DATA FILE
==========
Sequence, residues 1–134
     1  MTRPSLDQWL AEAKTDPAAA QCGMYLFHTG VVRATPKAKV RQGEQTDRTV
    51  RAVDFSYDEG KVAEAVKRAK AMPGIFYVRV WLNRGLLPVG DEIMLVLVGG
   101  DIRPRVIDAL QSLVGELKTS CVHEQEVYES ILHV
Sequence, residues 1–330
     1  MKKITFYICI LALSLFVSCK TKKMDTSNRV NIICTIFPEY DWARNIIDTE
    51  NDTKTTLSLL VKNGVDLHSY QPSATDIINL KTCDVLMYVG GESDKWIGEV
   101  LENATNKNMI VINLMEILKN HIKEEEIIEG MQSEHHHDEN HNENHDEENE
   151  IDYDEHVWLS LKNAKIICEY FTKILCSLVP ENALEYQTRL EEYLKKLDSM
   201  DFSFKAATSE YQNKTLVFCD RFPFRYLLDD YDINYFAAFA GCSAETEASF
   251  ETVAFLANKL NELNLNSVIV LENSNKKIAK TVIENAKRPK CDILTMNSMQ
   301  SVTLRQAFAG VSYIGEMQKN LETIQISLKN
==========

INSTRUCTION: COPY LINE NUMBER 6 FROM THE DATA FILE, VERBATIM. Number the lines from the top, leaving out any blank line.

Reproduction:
     1  MKKITFYICI LALSLFVSCK TKKMDTSNRV NIICTIFPEY DWARNIIDTE